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Syne bad hin flip frae 'mang the folk,
Some time when nae ane seed him,

Antıy't that night.

XVIII.
He marches thro' amang the Hacks,

Tho' he was something fturtin'
The graip he for a harrow taks,

An' haurls at his curpin:
And ev'ry now an' then, he says,

• Hemp-feed I saw thee, "An' her that is to be

my

lass
• come after me an' draw thee

• As fast that night.

XIX.
He whistled up Lord Lenox' march

To keep his courage cheary;
Altho' his hair began to arch,

He was fae fley'd an eerie; Till presently he hears a squeak,

An' then a grane an' gruntle; He by his shouther gae a keek, An':tumbi'd wi'a wintle

Out owre that night,

XX.

He roar'd a horrid murder-fhout,

In dreadfu' desperation ! An' young

an' auld come rinnin out, An' hear the sad narration;

He fwoor 'twas hilchin Jean M‘Craw,

Or crouchie Merran Humplie, Till stop! The trotted thro' them a'; An' wha was it but Grumphie

Attaer that nigkt!

XXI. Meg fain would to the Bain gaen,

To win three wechts o'naething *; But for to meet the Deil her lane,

She pat but little faith in:
She gits the Herd a pickle nits,

An'twa red cheekit apples,
To watch, while for the Barn she fets,
In hopes to see Tam Kipples

Tliat vera night.

XXII.
She turns the key, wi cannie thraw,

An' onre the threshold ventures;
But first on Sawnie gies a ca’,

Syce bauldly in the enters;

1

* This charm must likewise be performed unperceived and alone. You go to the Barn, and open bo!h doors, taking them off the hinges, if poflible; for there is dauger, that the being about to appear, may shut the doors, and do you some mischief. Then take that inflrumeut uled in winnowing the corn, which in our country dialect, we call a Wecht, and go th:o' all the attitudes of letting down Corn againit the wind. Repeat it three times; and the thud time ao appa:ition will pass th:o' the Barn, in at the windy door, and out at the other, having both the figure in question, and the appearance of retiave marking the employment or Station in life,

A ratton, rattl'd up the wa',

An' she cry'd, L-d preserve her!
An’ran thro' midden-hole an'a',
And pray d wi' zeal an fervour,

Fu' faft that night.

XXIII,
They hoy't out Will, wi' fair advice;

They hecht him some fine braw ane;
It chanc'd the Stack he faddon't thrice, *

Was timmer-propt for thrawin:
He taks a swirlie, auld moss-oak,

For some black, groufome Carlin ; An' loot a winze, an' drew a stroke, Till skin in blypes cam haurlin

Aff's pieves that night.

XXIV.
A wanton widow Leezie was,

As kantie as a kittlin ;
But, Och! that night, amang the shaws,

She got a fearfu' settlin!
She thro' the whins, 'an' by the cairn,

An'owre the hill gaed scrievin,

* Take an opportunity of going, unnoticed, to a Bele-stack, and fathom it three times round. I'he last fation of the lait time, you will catch in your arms the appearance of your iuture Conjugal yoke-fellow,

Where three Laird's lands' met at a burn *,
To dip ker left fark-sleeve in,

Was bent that night.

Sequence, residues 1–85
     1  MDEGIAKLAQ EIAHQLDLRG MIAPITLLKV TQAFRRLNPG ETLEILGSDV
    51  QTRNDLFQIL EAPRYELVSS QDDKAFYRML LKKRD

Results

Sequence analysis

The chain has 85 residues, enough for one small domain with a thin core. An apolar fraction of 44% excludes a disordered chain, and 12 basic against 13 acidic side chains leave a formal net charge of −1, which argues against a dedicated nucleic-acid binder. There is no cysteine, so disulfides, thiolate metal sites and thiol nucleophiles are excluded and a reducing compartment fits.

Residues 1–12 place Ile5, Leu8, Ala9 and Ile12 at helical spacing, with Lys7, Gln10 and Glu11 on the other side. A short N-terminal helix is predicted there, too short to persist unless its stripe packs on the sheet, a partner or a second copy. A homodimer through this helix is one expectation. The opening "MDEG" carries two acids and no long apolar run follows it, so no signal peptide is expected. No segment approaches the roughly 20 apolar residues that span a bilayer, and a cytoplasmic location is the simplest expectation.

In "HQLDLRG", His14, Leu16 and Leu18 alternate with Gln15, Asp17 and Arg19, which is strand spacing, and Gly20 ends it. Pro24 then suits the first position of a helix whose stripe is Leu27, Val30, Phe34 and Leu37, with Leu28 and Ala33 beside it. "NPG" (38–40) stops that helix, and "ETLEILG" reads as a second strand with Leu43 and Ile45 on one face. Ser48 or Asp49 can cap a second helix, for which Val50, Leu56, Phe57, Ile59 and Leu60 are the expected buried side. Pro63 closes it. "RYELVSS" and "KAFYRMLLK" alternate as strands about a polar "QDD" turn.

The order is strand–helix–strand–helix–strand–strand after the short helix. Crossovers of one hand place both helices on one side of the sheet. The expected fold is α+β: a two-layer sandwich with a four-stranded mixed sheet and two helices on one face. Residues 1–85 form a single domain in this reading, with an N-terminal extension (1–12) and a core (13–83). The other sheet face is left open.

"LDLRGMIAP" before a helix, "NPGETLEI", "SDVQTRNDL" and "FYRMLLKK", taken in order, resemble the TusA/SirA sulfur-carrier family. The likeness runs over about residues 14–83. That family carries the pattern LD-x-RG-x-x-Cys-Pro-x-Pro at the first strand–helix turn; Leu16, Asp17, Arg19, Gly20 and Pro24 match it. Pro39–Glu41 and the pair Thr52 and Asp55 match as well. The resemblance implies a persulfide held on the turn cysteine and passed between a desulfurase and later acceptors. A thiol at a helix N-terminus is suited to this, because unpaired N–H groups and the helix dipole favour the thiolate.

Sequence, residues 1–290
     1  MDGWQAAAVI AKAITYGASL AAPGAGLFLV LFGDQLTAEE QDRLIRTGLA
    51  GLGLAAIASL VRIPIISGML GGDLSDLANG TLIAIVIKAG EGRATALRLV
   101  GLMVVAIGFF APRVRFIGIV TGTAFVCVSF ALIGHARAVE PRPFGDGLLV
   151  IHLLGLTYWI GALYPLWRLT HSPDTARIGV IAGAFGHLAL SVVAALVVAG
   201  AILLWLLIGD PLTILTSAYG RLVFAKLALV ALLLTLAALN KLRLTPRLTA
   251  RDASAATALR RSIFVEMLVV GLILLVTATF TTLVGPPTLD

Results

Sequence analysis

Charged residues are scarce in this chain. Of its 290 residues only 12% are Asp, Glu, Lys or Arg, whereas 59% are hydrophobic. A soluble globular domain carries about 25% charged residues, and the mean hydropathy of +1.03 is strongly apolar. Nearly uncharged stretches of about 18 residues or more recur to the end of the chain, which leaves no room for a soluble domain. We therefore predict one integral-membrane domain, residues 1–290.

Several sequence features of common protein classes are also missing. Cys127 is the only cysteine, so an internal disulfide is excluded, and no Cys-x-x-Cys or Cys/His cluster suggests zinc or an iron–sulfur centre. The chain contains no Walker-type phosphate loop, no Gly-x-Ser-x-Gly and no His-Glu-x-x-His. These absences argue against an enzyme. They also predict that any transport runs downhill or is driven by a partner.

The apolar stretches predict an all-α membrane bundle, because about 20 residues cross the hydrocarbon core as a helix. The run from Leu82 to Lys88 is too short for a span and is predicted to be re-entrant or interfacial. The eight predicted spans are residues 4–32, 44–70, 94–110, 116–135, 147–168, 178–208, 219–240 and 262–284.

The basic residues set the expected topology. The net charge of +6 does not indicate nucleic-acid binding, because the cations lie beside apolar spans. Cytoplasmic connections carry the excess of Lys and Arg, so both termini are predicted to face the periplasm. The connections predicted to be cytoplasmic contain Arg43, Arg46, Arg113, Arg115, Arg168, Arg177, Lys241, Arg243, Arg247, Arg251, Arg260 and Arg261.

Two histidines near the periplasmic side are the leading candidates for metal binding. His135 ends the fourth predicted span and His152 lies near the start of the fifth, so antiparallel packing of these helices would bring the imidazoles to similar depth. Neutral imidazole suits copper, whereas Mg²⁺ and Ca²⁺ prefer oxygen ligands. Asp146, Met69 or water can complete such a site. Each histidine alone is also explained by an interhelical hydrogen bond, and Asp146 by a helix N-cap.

XXV. Whyles owre a linn the burnie plays,

As thro' the glen it wimplit; Whyles round a rocky scar it strays; Whyles in a wiel it dimplt; Whyles glitter'd to the nightly rayo

Wi' bickering, dancing dazzle.; Whyles cookit underneath the braes,

Below the spreading hazzle,

Unseen that niglit

XXVI. Amang the brachens on the brae

Between her an' the moon,
The Deil, or else an outler Quay

Gat up an gied a croon:
Poor Leezie's heart maift lap the hool's

Near lav'rock height she jumpit,
But mift a fit an' in the Pool
Out-owre the lugs she plumpit,

Wi' a plunge that night.

* You go out one or more, for this is a social spell, to à south-running spring or rivalet, where " three Laird's lands meet," and dip your left shirt'sleeve. Go to bed io sight of a fire, aud hang your wet sleeve before it to dry. Lie awake; and sometime near midnight, an apparition, having the exact figure of the grand object in question, will come and turn the Heeve, as if to dry the other ade of it.

XXVII.
In order, on the clean hearth Atane,

The Luggies three * are ranged;
An' ev'ry time great care is talen

To see them duly changed :
Auld uncle John, wha wedlock's joys

Sin' Mar's-year did defire,
Because he gat the toom dish thrice,
He heav'd them on the fire,

In wrath that night.

XXVIII.
Wi' merry fangs, and friendly cracks,

I wat they did na weary ;
And unco tales, an' funnie-jokes,

Their sports were cheap and cheary :
Till butter'd So'ns t, wi' fragrant luat,

Set a’ their gabs a steerin ; Syne, wi'a social glass o' strunt, They parted aff careeria

Fu'blythe that night.

* Take three difhes ; put clean water in one, foul water in another, and leave the third empty : blindfold a perfon, and lead him to the hearth where the dishes are ranged; lie (or fhe) dips the left hand; if by chance in the clean water, the fature husband or wife will come to the bar of Matrim.ony a maid ; if in the foul, a widow ; if in the empty dish, it foretel!s, with equat certainty, no marriage at all. It is repeated three times; and every time the arrangement of the dishes is allered.

+ Sowens, with butter instead of milk to them, is always the Halloween Supper.

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